Miriam Holstein, Bayer: “International Students Could be Your Door-Opener to a New Market”


Miriam Holstein, CEO of Bayer Nordic, makes career in Finland. She believes that diversity and inclusion are essential for Finnish companies’ success.

“Our aim is to attract and retain the best talents. That’s why this is also what we focus on when recruiting. Nationality or place of origin don’t really play a role – it’s the expertise and the personal attributes that matter”, says Miriam Holstein.

With Finland so focused on exports, Holstein emphasizes the way international students and talent can not only provide much-needed expertise on the needs of customers, but also insights into entering new or foreign markets.

“Serving your customers the best possible way starts with having a solid understanding of the needs and requirements of your customers. This is where international students can truly add value.”

As a multinational company, Bayer believes in the value of international talents. Bayer Nordic has, for example, recently hired an international trainee at its Espoo headquarters, and has established a long-term commitment to collaboration with the University of Turku and Turku’s Applied Sciences Universities. Collaboration with Finnish universities – which include Aalto University and the University of Helsinki – help to make students more aware of Bayer as a company and as an employer. This includes holding lectures for students and working together on concrete topics in order to gain an “outside-in, fresh view”.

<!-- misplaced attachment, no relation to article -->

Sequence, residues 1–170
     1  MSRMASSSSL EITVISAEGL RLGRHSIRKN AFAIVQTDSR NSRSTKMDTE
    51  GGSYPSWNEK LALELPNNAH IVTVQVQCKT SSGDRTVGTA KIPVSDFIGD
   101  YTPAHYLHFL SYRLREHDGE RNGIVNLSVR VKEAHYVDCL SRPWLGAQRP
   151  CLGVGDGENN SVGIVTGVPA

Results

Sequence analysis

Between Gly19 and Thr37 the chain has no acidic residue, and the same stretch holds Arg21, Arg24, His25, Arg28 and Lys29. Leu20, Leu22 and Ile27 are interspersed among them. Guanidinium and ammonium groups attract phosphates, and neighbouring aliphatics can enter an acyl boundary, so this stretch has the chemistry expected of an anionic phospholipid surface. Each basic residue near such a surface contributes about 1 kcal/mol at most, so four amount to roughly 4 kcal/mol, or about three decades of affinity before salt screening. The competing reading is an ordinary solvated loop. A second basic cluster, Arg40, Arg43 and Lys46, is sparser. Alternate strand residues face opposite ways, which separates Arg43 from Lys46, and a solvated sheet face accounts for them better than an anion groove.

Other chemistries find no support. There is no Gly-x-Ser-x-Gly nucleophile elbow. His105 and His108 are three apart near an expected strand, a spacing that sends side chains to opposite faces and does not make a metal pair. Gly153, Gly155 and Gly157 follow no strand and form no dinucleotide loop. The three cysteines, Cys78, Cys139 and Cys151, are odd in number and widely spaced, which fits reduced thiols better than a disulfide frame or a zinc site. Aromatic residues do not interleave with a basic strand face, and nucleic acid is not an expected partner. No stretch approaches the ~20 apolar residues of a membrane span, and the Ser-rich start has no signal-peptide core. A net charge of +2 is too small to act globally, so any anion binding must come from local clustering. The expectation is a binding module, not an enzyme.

Holstein believes that large multinational companies have a particular responsibility to continue creating opportunities for international students.

Miriam Holstein’s recommendations for Finnish employers: 

  1. Broaden your perspective and consider that your company and employees should reflect the diversity of your customer base to ensure you’re catering to their needs.
  2. To foster a welcoming and inclusive atmosphere, e.g. create a buddy system for new international employees, in which a current employee acts as a guide. It really helps to have someone you can ask seemingly ‘simple’ questions that natives may never think of.
  3. Make diversity a topic of conversation: discussing how we can learn from each other, improve current practices, and be aware of how our differences can foster the company culture.
  4. Though it may not be viable for every company, and in every position, Holstein recommends English as a working language. While acknowledging Bayer, as a multinational company, is in a better position to do so, it also made the transition from German to English as a working language. It was cumbersome at first, but now allows for clear communication with teams all over the world.

The interview was made by our American summer intern, Anna Bogdan.

Photo: Bayer Nordic
This article is published also in Finnish